“This is the kind of well-crafted character-driven storytelling that is serving, and will continue to serve, Daniel Braum well as he continues to make a name for himself in the genre.”
Daniel Braum’s short stories run the full spectrum of speculative fiction, from horror to science-fiction to fantasy and blends of two or more of these. But he prefers “fiction”, as he feels that best describes the kind of stories he wants to tell; stories where anything can happen. His first collection, The Night Marchers and Other Strange Tales, was released in May 2016 by Cemetery Dance Publications (ebook) and Grey Matter Press (paperback), displaying the high regard Braum is afforded by such industry heavyweights. Here we take a look at his limited edition three-story collection Yeti. Tiger. Dragon. from another prestigious publisher, Dim Shores.
The opening story, ‘The Yeti’s Hand’, takes place in the snow-covered mountains of Nepal in 1975 and concerns the clandestine mission of protagonist Miami, a female adventurer, and her partner in the endeavour, Huang. They have been tasked with brokering a deal with the inhabitants of a remote monastery, trading one artefact they “liberated” from China for another, a genuine dismembered Yeti’s hand. The catalyst for this deal is the secretive J. Sun, a shady businessman who Miami has worked for before. Disappointing this man is not an option. But the monks are reluctant to share the secrets of the Yeti with westerners, thus introducing us to the conflict. Braum expertly blends setting and story to deliver a complete narrative that transports the reader to the starlit, dizzying altitude of the Himalayan mountaintops. We see the world through the eyes of the tough Miami as she encounters situations and creatures she never thought possible and finally comes to realise that there are worse, and more familiar, evils than the monsters she seeks.
‘Hunting the Tasmanian Tiger’ also features Miami as the protagonist, although the time period is unclear and we do not know if the events take place before or after ‘The Yeti’s Hand’. In this case, Braum transports the action to the island of Tasmania, as we follow Miami on a solo mission to skin a supposedly extinct Tasmanian Tiger and deliver the skin to her mysterious employer. Whether it is the same employer as the first story is unclear, but Miami is certainly undaunted by such missions, searching for these cryptids. This story takes a turn for the weird when Miami spots a couple of familiar faces from her past at the resort where she is staying, Rosa offering a warning about the hunt for the tiger. The true nature of the tiger is revealed towards the end of the story and Miami must decide whether to follow her instinct or spare a life. Braum manages to bring depth to his characters even in such a strange situation, causing the reader to question what they themselves would do.
Whereas the first two stories have been published elsewhere, ‘The Water Dragon’ is an original story for this collection. During a family holiday to Aruba, Melanie’s generosity towards a scrawny young girl who packs her bags in a market bears unexpected results. The girl gives Melanie a present in the form of an egg along with the warning that it shall hatch soon and it needs a mommy. Melanie, finding herself drawn to the strange and colourful item, cannot resist and brings it back to the hotel where she is staying with her husband and two kids. With this story, Braum uses the contents of the egg as a discovery device, giving us a glimpse into Melanie’s melancholy as she is faced with the awesome power of the water dragon, and the opportunity to rid herself of a source of unhappiness. But at what cost?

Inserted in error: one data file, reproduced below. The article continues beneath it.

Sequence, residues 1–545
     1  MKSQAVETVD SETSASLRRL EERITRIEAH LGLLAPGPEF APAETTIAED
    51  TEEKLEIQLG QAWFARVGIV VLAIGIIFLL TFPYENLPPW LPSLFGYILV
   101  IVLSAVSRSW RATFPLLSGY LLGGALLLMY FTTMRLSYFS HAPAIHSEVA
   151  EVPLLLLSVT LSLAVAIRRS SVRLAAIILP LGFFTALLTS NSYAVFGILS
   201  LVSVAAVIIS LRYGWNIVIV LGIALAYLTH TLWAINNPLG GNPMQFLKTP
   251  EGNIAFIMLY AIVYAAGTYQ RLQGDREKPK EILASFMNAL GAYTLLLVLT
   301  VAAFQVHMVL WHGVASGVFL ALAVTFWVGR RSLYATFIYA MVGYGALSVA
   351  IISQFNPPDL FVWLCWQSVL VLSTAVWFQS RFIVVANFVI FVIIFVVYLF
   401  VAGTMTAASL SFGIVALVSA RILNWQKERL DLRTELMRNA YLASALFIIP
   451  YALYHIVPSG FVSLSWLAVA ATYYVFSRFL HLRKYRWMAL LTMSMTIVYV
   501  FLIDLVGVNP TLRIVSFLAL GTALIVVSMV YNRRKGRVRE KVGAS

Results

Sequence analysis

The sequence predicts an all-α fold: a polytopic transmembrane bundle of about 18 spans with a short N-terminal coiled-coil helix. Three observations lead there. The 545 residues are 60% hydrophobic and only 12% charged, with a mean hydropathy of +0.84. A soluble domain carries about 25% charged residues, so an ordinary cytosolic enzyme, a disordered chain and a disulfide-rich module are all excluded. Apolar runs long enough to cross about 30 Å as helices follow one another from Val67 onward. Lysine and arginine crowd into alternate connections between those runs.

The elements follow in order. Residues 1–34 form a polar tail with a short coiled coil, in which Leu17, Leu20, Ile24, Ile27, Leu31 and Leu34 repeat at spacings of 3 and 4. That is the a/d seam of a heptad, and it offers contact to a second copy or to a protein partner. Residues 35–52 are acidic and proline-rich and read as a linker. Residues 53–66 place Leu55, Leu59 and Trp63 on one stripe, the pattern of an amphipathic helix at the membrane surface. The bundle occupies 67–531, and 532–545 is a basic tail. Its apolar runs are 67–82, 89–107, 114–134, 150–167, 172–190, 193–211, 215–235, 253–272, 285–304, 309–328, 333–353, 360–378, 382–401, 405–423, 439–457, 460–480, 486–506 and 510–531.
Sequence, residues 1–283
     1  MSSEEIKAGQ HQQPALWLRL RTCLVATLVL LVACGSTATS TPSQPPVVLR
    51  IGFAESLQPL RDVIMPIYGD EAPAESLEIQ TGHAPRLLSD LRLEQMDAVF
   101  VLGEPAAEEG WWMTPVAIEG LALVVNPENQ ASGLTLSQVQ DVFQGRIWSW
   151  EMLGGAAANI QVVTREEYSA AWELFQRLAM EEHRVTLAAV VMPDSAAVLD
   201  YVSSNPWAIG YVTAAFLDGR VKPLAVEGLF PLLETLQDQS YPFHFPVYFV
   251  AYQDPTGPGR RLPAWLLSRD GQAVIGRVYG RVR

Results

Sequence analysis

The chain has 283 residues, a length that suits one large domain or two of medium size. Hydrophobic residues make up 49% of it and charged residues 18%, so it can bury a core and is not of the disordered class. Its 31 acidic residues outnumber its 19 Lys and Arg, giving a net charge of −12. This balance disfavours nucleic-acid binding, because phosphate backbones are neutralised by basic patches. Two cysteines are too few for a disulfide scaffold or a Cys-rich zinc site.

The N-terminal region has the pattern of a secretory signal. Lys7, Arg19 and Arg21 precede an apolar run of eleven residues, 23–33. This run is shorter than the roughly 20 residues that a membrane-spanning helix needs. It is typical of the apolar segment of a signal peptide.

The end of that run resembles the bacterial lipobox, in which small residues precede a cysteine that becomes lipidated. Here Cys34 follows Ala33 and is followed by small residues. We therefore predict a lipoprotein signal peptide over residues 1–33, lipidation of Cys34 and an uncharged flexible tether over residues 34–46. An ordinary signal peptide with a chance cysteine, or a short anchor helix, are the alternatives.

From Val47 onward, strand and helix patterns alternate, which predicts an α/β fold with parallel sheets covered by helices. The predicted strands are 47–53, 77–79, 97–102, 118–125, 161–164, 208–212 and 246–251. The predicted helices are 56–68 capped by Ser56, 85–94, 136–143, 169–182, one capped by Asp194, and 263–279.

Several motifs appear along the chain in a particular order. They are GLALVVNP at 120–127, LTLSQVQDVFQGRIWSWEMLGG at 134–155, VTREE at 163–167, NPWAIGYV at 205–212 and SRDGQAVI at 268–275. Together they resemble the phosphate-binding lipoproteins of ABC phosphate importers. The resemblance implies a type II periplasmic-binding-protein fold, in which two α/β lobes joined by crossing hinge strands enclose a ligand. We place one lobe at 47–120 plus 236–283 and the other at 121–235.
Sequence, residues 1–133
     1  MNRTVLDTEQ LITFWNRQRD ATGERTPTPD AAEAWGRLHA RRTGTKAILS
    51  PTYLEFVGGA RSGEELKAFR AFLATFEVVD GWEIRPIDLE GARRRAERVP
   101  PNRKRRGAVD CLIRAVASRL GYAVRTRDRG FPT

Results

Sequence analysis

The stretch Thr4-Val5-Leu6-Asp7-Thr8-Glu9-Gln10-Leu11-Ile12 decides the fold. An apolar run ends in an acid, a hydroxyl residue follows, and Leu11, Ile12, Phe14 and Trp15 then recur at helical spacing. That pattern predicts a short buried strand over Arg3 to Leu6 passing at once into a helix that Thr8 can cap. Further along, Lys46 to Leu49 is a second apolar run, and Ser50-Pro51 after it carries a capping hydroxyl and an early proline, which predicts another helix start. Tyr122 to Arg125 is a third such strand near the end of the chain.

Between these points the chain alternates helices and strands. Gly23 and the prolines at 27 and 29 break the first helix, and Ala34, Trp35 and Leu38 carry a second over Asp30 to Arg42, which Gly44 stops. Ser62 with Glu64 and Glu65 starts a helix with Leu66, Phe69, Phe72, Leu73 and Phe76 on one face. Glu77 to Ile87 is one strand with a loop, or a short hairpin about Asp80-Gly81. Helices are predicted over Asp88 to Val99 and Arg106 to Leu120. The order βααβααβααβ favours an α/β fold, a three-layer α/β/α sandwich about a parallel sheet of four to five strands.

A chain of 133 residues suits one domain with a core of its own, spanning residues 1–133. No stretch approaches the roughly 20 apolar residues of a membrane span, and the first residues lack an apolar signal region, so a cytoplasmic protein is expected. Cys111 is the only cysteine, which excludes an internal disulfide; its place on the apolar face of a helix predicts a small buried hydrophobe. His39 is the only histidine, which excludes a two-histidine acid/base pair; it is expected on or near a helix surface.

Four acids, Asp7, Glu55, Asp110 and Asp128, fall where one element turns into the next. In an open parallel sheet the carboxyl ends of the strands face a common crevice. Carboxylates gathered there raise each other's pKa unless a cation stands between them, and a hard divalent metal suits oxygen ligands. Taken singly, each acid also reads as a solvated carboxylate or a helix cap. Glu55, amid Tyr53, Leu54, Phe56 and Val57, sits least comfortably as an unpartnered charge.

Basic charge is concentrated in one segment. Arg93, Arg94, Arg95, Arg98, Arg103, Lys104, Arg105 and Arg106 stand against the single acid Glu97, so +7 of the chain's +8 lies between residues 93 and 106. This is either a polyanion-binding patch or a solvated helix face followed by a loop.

It is clear to see from these three stories that Daniel Braum is a talented writer who is bursting with potential. He has taken three seemingly straightforward tales and given each a weird twist, and not just by using three very unique creatures. His sense of adventure and wonder about the world are evident by his use of exotic locations which are wildly different than the typical settings in fiction. He places his characters in strange situations and weaves a great story through excellent use of character development. Each of the protagonists face a horror that is a little too close to home; whether it be Miami in ‘The Yeti’s Hand’ who must decide if the prize is worth the sacrifice, or Miami in ‘Hunting the Tasmanian Tiger’ who must weigh the worth of a life (or potentially, dozens of lives) against the lucrative reward offered by her employer, or Melanie in ‘The Water Dragon’, who feels a distance from her husband and is given the ability to make the problem disappear. They each must confront their horror and overcome it, or embrace it. This is the kind of well-crafted character-driven storytelling that is serving, and will continue to serve, Daniel Braum well as he continues to make a name for himself in the genre. And we can’t wait to see what he produces next.
Publisher: Dim Shores
Paperback: (100 pp)
Release Date: 9 October 2016
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